Buying a house in CA is 10% pricier today than 5 years ago. Here are the Central Coast prices
SANTA MARIA, Calif. - Home prices in California are at an all-time high since 2014; the average cost of a home jumped by more than 10 percent according to a new report by the state's Department of Finance.
“The cost of housing has consistently risen over the last decade in Santa Maria,” said city spokesman Mark van de Kamp.
“Five years ago, the prices were maybe $100-200,000 under the current prices," said James Gallegos, realtor at Century 21 in Santa Maria.
“Here we're looking at anywhere from about 400, to about $550,000,” added loan specialist at Presto Home Loans, Jo Kennedy.
That's about twice as much as the national average, according to realty website Zillow.
However, Central Coast realtors say there's a silver lining.
“Prices are a little bit up there right now, but the good thing is interest rates are low. So that makes it affordable for buyers," said Gallegos.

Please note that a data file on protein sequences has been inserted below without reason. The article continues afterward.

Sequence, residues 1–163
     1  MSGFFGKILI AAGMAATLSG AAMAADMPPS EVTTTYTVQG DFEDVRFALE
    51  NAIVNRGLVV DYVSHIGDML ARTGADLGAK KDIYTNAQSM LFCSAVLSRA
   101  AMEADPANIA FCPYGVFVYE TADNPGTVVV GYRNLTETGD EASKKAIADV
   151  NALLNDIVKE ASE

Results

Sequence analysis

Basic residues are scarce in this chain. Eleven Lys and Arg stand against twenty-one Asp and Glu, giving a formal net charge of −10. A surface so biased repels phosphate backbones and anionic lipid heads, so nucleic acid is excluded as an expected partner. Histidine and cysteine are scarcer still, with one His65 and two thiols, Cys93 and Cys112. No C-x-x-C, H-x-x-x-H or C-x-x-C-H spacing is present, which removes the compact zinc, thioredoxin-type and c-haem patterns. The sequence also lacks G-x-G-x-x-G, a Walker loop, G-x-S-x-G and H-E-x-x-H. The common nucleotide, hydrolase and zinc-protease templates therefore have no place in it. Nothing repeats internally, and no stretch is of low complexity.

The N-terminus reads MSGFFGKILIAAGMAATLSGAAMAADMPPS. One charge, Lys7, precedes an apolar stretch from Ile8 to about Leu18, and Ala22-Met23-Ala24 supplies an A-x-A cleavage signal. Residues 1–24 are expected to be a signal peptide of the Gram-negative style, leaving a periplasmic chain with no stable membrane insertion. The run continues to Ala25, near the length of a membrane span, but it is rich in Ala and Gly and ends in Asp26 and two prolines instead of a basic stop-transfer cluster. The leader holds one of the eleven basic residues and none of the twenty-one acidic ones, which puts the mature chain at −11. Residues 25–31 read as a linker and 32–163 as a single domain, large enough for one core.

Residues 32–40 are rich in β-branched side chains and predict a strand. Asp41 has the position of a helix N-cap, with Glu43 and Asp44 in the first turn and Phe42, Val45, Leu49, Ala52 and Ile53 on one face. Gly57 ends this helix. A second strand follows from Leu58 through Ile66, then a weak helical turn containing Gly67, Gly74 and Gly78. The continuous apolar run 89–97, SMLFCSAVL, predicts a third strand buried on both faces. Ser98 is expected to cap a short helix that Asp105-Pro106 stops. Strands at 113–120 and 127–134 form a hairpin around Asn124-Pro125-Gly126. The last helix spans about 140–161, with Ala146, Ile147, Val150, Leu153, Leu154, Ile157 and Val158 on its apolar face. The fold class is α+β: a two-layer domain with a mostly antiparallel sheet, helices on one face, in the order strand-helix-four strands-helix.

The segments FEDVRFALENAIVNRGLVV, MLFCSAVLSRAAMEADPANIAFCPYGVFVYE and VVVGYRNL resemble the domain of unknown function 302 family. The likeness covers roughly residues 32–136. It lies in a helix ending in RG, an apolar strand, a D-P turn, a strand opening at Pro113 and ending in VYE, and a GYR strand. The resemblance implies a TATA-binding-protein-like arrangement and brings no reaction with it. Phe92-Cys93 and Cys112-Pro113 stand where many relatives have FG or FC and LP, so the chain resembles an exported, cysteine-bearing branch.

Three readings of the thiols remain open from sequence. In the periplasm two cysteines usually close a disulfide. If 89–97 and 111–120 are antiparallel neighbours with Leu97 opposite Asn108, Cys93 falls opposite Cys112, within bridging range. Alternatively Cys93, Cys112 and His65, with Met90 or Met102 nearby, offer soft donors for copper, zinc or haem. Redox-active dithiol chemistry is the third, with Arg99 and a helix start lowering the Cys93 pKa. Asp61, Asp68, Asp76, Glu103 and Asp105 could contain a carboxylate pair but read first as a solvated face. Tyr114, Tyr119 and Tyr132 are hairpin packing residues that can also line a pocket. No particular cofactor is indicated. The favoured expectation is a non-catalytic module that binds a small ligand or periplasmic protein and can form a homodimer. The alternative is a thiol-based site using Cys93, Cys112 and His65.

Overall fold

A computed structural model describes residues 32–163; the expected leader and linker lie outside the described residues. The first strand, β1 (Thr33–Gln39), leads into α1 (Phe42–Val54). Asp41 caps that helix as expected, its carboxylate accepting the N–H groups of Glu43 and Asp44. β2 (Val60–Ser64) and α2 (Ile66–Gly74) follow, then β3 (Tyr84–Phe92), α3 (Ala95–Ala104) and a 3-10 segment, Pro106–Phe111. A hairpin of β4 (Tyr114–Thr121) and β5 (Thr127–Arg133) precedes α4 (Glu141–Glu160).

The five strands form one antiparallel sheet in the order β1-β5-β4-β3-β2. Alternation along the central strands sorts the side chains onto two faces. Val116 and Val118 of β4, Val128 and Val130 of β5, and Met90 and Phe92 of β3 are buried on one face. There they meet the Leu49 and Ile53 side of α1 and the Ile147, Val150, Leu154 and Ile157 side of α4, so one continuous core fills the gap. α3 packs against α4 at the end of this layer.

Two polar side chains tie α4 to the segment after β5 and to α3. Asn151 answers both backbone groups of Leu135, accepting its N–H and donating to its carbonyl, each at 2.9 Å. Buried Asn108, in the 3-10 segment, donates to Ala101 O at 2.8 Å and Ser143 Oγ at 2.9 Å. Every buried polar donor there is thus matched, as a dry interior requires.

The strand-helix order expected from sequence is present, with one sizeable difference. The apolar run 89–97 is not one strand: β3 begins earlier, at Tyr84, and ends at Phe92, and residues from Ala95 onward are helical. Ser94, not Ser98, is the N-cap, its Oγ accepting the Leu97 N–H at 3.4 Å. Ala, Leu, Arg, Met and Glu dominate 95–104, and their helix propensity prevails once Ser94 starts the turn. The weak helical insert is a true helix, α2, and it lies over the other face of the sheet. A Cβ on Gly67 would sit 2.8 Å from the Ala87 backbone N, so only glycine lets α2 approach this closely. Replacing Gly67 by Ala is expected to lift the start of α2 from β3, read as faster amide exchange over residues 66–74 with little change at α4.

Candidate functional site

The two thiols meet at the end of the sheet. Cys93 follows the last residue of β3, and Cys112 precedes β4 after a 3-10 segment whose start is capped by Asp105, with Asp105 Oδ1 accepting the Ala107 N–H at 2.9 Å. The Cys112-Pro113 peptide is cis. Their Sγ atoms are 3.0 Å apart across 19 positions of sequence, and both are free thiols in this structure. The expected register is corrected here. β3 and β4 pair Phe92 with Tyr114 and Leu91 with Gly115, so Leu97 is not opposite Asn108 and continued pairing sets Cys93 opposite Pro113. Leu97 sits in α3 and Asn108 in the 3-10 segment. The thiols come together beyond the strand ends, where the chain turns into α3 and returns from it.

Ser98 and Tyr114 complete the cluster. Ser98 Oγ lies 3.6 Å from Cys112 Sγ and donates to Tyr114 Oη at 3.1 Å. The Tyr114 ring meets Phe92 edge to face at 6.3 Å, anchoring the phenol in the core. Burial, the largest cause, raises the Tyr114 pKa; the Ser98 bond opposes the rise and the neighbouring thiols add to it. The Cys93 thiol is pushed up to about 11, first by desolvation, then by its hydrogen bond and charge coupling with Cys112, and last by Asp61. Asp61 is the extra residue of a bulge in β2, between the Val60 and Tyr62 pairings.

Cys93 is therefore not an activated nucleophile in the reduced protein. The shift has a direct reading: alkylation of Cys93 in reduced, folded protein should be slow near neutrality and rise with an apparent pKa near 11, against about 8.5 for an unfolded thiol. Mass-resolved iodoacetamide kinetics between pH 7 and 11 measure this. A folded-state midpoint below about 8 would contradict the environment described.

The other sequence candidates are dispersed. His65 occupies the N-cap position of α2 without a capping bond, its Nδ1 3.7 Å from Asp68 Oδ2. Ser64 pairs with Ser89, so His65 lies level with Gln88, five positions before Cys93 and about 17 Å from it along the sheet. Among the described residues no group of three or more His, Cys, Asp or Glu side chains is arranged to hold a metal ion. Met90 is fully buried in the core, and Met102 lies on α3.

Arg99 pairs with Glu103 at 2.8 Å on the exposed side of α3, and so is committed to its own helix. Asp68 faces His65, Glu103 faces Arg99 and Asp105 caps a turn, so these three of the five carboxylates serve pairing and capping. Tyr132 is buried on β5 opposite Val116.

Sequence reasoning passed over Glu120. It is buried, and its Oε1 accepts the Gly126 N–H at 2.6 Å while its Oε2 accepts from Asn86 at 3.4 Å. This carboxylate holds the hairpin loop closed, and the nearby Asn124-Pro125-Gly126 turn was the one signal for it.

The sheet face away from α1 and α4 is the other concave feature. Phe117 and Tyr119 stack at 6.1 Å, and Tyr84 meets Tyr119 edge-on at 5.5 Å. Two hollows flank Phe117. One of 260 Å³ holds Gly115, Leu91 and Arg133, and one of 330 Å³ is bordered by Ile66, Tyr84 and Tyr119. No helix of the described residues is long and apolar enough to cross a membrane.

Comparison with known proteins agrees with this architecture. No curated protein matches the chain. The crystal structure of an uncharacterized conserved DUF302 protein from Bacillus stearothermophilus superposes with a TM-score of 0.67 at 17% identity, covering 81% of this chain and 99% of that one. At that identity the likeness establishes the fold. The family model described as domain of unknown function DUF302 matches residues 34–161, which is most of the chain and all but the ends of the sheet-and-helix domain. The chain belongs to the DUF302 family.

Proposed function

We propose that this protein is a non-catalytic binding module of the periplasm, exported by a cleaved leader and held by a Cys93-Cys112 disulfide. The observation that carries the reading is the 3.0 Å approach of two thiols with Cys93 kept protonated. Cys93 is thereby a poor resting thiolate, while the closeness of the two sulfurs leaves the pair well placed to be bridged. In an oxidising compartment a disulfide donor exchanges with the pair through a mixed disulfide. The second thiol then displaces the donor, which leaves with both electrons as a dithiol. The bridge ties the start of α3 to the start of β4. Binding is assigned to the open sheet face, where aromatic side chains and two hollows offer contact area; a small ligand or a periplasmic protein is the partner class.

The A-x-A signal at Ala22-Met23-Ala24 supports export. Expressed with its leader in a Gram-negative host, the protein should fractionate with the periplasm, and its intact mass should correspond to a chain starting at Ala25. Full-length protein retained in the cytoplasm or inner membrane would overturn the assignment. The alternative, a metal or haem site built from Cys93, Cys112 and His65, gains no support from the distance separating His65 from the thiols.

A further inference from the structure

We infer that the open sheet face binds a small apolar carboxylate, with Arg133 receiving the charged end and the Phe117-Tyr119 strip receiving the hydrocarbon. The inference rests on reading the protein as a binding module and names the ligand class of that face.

“Your conventional loans with a 20 percent down are about 3.7 percent interest rate, to 3.8," said Kennedy.
On the Central Coast, Lompoc and Santa Maria continue being the most affordable places to purchase a house.
“If you're going to be a first time home buyer, this is the place to do it," said Kennedy.
“[It's] a lot higher in San Luis Obispo, a lot higher in Nipomo,” said Gallegos.
But city leaders know it's still out of reach for many people.
“We're updating our general plan to find out where we can place more housing. We also are approving more and more apartments," said Van de Kamp.
In Santa Maria, the number of new single-family homes is dropping, while the number of apartments is increasing.
“If you go on the market, not a lot of houses," said Kennedy.
“We've approved hundreds and hundreds, probably more than 1,000 apartment units within the last five or six years,” said Van de Kamp.
The city has also seen a rise in the number of accessible dwelling units. That's when a homeowner builds and rents out a back house.
“Approximately 200 have either been applied for, and/or built already," said Van de Kamp.
The city spokesman adds that officials meet with developers on a weekly basis to try to come up with solutions.
“We encourage the developers to come forward with not only the minimum requirements for affordable housing, but we ask them 'Can you put in even more affordable housing units?'”
During his recent State of the State address, Governor Gavin Newsom called the status quo "unacceptable", and called for "major reform that will eliminate red tape, and delays for building critically needed housing".